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Opto-sensor-discrete products hit record sales in 2012

Posted: 15 Mar 2013 ?? ?Print Version ?Bookmark and Share

Keywords:opto-sensor-discrete? MEMS? CMOS image sensor? LED? TSMC?

According to the most recent data from IC Insights, seven product categories and device groups under the optoelectronics, sensors/actuators, discrete components (collectively, the O-S-D) market reached record-high sales in 2012. Total sales of MEMS-based products are expected to rise nine per cent to reach an annual record of $7.6 billion, surpassing the current peak of $7.1 billion set in 2011, stated the market research firm.

With sales in the much larger IC segment falling four per cent in 2012, O-S-D's share of total semiconductor revenues grew to 19 per cent in 2012 versus 18 per cent in 2011 and 14 per cent in 2002. O-S-D's market share of total semiconductor sales in 2012 was the highest it's been since 1991.

CMOS image sensors were the fastest growing O-S-D product category in 2012 with sales rising 22 per cent to a new record-high $7.1 billion, blowing past the previous peak of $5.8 billion set in 2011.

IC Insights O-S-D market record high sales

O-S-D market: All the products shown are forecast to grow by moderate percentages in 2013, which will lift them again to new record-high levels.

Since the 2009 downturn year, CMOS image sensor sales have climbed 85 per cent due to the strong growth of embedded cameras used in smartphones and portable computers (including tablets) and the expansion of digital imaging into more systems applications. CMOS designs are now grabbing large chunks of market share from CCD image sensors, which are forecast to see revenues decline by a CAGR of 2.4 per cent between 2012 and 2017. Sales of CMOS imaging devices are projected to grow by a CAGR of about 12 per cent in the forecast period and account for 85 per cent of the total image sensor market versus 15 per cent for CCDs in 2017. This compares to a 60/40 split in 2009.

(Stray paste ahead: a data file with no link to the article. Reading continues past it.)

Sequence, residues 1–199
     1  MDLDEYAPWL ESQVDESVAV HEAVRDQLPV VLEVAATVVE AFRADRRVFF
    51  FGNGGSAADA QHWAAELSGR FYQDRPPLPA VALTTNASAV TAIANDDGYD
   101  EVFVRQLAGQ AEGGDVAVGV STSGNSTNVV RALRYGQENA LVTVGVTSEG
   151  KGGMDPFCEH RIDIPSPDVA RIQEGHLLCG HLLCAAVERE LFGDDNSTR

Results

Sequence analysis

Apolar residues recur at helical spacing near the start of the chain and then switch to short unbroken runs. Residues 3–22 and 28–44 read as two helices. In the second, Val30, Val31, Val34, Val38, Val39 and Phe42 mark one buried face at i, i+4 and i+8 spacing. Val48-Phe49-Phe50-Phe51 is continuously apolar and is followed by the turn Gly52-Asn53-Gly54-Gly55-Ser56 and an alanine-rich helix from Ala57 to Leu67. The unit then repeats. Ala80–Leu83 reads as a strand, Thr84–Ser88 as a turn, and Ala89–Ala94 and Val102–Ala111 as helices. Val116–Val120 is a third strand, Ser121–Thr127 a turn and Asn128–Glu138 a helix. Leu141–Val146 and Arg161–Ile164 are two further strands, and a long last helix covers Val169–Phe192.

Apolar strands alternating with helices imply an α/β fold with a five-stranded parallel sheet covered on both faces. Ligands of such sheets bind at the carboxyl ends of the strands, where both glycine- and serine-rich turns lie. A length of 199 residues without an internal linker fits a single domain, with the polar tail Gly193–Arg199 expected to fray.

High-brightness LED revenues climbed 20 per cent in 2012 to nearly $9.5 billion and are expected to hit the $20 billion level in 2017, with annual sales growing by a CAGR of 16 per cent in the next five years. That's the good news, but of immediate concern is whether new solid-state lighting applications are growing fast enough to consume the large amounts of production capacity being added worldwide in LED wafer fabsespecially in China. Solid-state lighting's main growth engine in recent yearsbacklighting in LCD televisions and computer screensis slowing, and the multi-billion dollar question is whether the next wave of applications (e.g., LED light bulbs, new interior and exterior lighting systems, digital signs and billboards, automotive headlamps, long-lasting street lights and other uses) can keep the industry ahead of a potential glut in high-brightness lamp devices.

About 81 per cent of the sensor/actuator market's sales in 2012 came from semiconductor products built with MEMS technology. Sensors accounted for 52 per cent of MEMS-based device sales in 2012, while actuators were 48 per cent of the total. A 10 per cent drop in actuator sales in 2012 lowered total revenues for MEMS-based devices to $7 billion from the current peak of $7.1 billion in 2011. By 2017, MEMS-based sensors and actuators are projected to reach $13.5 billion in sales, which will be a CAGR increase of 14 per cent from 2012, and unit shipments are expected to grow by a CAGR of 17.4 per cent in the next five years to 9.7 billion devices. MEMS manufacturing continues to move into the mainstream IC foundry segment, which will open more capacity to fabless companies and larger suppliers. TSMC, GlobalFoundries, UMC and SMIC all have increased investments to expand their presence in MEMS production using 200mm wafers.

Among the strongest growth drivers covered in the O-S-D Report are: high-brightness LEDs for solid-state lighting applications; laser transmitters for high-speed optical networks; MEMS-based acceleration/yaw sensors for highly adaptive embedded control in cell phones, tablet computers and consumer products; CMOS imaging devices for automobiles, machine vision, medical and new human-recognition interfaces; and a range of power transistors for energy-saving electronics and battery management.

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